You may be a parent who finds themselves constantly translating to others, what your child is saying. Should you be concerned? Your child may be getting frustrated at not being able to get their message across. When is this a problem?
Some children can be difficult to understand when in their early stages of developing their sound systems.
Most children are expected to say their first words between 12-18 months. Their single word vocabulary actively builds up until they are 2 years of age, at which time they are usually putting a couple of words together.
Typically parents/ carers are the ones who understand their child’s communication attempts as they are with them most of the time. Translating what your child is saying when he is 2 years of age; may occur more often than when they are 3 years of age. What should be observed, is that the overall clarity of a child?s speech steadily and consistently increases, from 18 months of age.
An approximate guide to keep in mind is the following;
18 months old
25% of what your child says should be understood by a third person (someone who is not with the child all the time).
2 years old
50-75% of what your child says should be understood by a third person.
3 years old
75-100% of what your child says should be understood by a third person.
So what sounds develop when?
At 2 years, a variety of sounds are being used when speaking, typically; p, b, m, t, d, n, h, w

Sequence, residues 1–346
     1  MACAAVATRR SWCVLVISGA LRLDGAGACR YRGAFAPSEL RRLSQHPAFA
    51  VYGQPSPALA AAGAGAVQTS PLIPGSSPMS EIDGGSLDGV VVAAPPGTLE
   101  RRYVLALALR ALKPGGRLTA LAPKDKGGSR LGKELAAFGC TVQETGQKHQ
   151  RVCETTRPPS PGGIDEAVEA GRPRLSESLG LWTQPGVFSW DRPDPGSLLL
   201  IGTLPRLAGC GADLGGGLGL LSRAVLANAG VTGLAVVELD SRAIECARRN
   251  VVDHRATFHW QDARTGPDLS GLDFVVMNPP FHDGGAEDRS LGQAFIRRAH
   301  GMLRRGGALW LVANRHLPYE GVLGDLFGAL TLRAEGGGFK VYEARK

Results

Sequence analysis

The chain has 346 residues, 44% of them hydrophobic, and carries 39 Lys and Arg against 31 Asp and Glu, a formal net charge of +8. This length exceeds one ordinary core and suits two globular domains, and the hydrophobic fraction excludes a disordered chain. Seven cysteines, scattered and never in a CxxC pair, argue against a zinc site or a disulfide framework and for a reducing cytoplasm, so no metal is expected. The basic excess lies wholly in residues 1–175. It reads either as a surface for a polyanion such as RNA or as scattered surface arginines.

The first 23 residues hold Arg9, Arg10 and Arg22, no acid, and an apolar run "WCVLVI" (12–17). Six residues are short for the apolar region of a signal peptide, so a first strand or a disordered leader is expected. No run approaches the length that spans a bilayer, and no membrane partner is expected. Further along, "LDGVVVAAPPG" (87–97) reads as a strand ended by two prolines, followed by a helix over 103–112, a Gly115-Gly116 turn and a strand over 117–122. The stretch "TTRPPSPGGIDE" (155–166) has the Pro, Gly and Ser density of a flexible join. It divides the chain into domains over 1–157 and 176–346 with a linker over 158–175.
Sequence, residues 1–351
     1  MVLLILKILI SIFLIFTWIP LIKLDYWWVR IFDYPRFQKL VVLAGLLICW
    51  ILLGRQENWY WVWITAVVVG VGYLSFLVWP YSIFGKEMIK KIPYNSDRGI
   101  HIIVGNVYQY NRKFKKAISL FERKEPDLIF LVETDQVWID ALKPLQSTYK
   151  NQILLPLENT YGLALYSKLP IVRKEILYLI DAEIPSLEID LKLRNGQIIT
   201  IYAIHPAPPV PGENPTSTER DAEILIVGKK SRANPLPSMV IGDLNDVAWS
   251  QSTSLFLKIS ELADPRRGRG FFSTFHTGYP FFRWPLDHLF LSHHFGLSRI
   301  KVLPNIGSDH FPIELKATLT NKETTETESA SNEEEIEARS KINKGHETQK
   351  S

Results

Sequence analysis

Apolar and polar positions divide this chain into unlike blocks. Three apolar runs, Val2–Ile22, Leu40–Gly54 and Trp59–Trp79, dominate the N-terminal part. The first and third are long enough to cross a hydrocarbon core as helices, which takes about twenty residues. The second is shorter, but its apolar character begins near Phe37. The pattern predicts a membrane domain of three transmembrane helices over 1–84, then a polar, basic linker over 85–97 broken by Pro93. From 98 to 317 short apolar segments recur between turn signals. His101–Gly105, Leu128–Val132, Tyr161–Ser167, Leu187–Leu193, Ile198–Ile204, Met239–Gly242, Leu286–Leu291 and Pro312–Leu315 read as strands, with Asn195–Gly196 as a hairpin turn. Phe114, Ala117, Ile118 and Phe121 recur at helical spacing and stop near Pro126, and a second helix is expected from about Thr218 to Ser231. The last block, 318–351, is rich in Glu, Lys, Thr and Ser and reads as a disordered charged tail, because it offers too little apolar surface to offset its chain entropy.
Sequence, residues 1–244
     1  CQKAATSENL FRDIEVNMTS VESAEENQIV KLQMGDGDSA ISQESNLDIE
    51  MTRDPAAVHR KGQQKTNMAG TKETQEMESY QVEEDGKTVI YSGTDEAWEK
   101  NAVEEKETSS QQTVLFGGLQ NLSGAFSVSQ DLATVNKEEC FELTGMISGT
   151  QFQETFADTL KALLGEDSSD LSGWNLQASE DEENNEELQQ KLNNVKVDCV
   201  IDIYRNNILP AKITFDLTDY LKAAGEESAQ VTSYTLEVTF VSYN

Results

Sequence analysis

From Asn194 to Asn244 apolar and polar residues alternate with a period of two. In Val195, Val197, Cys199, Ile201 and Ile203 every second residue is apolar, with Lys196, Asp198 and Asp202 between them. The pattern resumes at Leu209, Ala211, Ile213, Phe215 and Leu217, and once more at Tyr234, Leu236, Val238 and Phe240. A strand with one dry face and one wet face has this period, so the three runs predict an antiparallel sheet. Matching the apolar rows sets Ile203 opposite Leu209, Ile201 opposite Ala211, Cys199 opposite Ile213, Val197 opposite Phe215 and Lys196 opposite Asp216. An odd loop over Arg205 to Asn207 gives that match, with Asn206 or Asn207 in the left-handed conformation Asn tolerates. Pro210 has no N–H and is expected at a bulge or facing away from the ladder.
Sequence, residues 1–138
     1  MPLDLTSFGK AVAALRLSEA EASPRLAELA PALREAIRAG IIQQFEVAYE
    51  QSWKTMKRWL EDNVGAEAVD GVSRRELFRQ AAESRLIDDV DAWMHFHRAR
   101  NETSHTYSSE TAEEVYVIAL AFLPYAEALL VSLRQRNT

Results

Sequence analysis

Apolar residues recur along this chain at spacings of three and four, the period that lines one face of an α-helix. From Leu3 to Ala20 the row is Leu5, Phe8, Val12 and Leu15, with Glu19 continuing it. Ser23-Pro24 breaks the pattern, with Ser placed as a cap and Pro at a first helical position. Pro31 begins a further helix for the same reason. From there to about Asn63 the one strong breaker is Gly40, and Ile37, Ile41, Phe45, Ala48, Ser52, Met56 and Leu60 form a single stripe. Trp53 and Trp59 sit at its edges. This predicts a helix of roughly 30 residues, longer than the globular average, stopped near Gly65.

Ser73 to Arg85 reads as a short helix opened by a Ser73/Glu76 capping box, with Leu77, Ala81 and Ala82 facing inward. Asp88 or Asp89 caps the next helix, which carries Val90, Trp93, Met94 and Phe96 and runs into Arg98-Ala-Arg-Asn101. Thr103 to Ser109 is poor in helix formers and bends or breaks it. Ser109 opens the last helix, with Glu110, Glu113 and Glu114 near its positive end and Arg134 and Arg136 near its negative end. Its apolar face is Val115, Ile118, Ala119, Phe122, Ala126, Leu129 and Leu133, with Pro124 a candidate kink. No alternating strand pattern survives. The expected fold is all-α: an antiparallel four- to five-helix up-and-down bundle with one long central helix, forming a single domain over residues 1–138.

By 3 years the range of sounds they are using increases to also include sounds such as; k, g, f, s, ng
By 4 years, children can say most sounds correctly; m, n, h, w, p, b, t, d, k, g, ng, f, y, s, z, ch, j, sh, l
Some general tips to apply include to;
- Provide a good model – if your child has made an error with a word; do not push them to say it correctly. Ensure you repeat back that word a few times in a conversational way. E.g. If your child says; “Look at the gog!” (meaning to say “dog”); Your reply may be “Wow, look at the big dog! I like that dog. The dog has brown fur too!”
- In the case that you cannot understand what your/ a child is telling you; repeat back words that you have understood, and reframe your question. E.g rather than saying “What” or “say it again”, if you have understood one word e.g “foot”, then you may reply “Foot. Did something happen to your foot?”. Or ask them to show you (if they can) what they are communicating.
If you feel your child is not developing their sounds according to their age; certainly contacting a Speech Pathologist for a speech assessment and professional advice is the way to go!